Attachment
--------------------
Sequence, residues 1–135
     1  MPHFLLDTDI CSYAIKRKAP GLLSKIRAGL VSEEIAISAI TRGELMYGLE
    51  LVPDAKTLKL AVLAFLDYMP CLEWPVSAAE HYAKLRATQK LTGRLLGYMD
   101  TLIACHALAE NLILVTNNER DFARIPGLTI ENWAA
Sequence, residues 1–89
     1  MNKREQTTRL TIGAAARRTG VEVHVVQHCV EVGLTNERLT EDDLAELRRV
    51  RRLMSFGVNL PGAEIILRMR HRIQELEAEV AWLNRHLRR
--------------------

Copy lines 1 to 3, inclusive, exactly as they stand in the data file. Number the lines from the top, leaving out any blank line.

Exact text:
Sequence, residues 1–135
     1  MPHFLLDTDI CSYAIKRKAP GLLSKIRAGL VSEEIAISAI TRGELMYGLE
    51  LVPDAKTLKL AVLAFLDYMP CLEWPVSAAE HYAKLRATQK LTGRLLGYMD